Here’s the recipe; the key thing is to make sure you use luscious, flavorful tomatoes because they’re the star here!


Tomato Ricotta Tarte Tatin

Serves 6-8

One of the most delightful dishes summer can offer…and a great way to use those tasty tomatoes you have in your garden.

Special Equipment

A 28 centimeter (11 inch) tart pan. This is not absolutely necessary, but it’s ideal because the sides are about 2 centimeters (slightly more than 3/4 inch) deep…two thirds the depth of a regular pie pan. You can make do without it, but I strongly suggest using a tart pan.



For the topping:
Tomatoes, about four large (preferably beefsteak) or enough to cover your tart in a single layer, sliced 1/2 centimeter thick (just under 1/4 inch)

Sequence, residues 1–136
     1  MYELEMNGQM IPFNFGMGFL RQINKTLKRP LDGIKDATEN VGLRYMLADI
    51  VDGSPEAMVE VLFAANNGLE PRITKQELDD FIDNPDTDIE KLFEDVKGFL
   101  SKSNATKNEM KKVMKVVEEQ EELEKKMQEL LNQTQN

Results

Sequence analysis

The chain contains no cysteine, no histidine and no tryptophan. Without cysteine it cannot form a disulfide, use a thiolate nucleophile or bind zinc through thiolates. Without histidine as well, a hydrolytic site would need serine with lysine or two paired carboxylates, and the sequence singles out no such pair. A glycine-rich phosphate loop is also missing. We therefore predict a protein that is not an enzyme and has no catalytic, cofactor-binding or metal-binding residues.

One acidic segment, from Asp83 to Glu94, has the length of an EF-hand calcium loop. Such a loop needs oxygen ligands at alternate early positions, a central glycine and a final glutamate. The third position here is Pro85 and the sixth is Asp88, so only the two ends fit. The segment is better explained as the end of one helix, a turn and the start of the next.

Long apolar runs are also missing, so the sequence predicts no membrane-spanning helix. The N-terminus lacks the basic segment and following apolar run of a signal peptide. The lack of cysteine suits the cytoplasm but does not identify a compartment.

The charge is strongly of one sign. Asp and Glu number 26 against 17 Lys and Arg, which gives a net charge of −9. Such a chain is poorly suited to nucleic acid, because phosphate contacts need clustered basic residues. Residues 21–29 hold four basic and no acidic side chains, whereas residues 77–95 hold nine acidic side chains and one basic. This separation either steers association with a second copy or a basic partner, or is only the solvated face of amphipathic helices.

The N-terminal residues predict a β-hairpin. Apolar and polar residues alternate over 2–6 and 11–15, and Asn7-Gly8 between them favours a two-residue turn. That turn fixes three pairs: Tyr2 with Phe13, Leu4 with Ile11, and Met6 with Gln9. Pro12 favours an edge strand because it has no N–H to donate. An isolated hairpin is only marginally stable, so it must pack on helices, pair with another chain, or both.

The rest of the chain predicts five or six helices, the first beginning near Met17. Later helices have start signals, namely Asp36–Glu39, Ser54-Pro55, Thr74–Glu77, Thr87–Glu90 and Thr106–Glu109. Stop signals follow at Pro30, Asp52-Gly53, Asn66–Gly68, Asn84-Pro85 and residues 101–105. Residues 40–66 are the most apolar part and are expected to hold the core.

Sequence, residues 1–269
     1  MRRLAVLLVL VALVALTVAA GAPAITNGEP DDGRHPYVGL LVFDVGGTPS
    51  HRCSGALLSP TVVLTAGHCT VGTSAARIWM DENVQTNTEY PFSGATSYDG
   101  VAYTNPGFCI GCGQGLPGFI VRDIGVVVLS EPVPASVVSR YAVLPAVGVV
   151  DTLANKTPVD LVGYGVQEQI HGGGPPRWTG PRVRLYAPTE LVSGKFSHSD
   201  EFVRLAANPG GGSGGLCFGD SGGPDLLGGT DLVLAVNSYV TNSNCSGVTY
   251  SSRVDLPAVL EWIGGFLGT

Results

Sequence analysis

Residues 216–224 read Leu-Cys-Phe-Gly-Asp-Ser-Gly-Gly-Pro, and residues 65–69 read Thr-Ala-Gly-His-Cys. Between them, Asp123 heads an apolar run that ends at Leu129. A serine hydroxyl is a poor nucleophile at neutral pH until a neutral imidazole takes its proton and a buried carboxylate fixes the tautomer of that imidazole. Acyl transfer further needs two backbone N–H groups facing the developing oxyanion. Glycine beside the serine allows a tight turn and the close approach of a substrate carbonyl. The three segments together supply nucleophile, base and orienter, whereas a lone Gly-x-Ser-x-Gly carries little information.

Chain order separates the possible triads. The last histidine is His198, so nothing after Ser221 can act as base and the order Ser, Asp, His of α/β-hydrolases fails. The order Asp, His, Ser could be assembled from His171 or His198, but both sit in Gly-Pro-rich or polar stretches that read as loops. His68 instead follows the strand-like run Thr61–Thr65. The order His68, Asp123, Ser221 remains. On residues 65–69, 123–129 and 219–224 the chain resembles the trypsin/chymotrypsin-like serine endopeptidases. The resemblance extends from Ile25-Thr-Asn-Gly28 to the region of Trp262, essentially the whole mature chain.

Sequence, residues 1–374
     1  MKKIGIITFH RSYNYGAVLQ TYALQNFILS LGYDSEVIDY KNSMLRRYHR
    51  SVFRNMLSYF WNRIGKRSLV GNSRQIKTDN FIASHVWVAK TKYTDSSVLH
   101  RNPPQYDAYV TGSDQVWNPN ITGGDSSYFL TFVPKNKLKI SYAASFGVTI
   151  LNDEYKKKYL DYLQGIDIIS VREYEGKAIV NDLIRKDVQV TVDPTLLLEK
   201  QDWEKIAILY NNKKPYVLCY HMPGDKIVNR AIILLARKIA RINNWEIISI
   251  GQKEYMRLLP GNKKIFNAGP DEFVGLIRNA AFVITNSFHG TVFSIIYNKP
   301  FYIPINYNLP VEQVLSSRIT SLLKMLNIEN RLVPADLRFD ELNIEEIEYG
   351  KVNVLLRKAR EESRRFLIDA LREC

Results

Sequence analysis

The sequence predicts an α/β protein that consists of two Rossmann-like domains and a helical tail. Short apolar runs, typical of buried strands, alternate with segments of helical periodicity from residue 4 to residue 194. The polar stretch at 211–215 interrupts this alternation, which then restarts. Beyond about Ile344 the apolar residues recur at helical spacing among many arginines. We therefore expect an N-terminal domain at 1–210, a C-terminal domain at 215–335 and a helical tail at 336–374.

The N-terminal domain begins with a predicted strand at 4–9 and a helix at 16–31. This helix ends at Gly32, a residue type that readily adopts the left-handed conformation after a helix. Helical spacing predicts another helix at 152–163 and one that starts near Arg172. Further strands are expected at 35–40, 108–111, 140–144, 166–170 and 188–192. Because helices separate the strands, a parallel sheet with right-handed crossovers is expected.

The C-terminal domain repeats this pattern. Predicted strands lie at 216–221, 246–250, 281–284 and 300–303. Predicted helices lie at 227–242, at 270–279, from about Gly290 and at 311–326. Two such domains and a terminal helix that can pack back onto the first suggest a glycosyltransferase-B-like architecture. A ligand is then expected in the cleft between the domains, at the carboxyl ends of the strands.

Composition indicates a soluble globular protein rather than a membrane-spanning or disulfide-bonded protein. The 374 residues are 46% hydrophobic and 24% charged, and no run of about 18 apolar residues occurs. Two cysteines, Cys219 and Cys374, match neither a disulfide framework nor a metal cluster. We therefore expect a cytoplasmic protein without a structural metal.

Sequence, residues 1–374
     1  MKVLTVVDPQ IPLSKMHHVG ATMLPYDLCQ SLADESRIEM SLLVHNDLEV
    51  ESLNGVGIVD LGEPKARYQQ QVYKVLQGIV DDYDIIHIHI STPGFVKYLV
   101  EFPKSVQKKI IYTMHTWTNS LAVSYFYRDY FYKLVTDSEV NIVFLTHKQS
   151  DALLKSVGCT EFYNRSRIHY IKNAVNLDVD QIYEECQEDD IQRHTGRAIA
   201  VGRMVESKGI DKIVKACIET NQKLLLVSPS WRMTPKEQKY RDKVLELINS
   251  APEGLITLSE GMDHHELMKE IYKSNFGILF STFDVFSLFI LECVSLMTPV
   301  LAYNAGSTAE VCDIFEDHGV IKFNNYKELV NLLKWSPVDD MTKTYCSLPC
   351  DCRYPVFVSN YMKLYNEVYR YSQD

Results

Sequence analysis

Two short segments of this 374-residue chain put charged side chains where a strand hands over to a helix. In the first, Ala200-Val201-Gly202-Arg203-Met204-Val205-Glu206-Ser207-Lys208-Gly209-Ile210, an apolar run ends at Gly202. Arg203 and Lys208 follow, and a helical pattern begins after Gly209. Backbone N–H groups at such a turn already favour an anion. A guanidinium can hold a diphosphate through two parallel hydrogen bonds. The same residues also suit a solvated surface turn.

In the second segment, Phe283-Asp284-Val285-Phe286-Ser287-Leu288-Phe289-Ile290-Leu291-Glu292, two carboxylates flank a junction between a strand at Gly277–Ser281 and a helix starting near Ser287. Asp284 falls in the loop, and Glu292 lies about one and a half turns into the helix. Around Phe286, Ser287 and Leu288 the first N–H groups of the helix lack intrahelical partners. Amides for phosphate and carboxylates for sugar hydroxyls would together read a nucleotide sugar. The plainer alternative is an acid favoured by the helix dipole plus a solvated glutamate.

Salt, as needed
Fresh thyme, 2 tablespoons
For the filling:
Ricotta, 375 grams (13 ounces)
Egg, one medium
Salt, 1/2 teaspoon
For the crust:
Flour, 240 grams (8 1/2 ounces)
Butter, ice cold, cubed, 120 grams (4 1/4 ounces)
Ice water, about 1/4 cup
Olive oil for drizzling

Cooking Instructions

For the topping:
Salt the sliced tomatoes on both sides and drain in a colander for an hour or more.
Remove fresh thyme from sprigs until you have two tablespoons.
Prepare the crust:
In a food processor (or use a pastry knife) pulse the flour and butter together until crumbly.
Pulse in ice water by the tablespoonful just until the dough holds together. The less you work the dough the better.
Wrap the dough in plastic wrap and refrigerate at least an hour.
Preheat the oven to 200°C (400°F).
While the oven is heating roll out the dough so that it fits your tart pan.
Place the dough in the tart pan and use a knife to trim the edges.
Use a fork to prick the dough all over: I usually prick about 30 times. This will keep your crust from puffing up when it bakes.
Bake the crust until golden, about ten to fifteen minutes.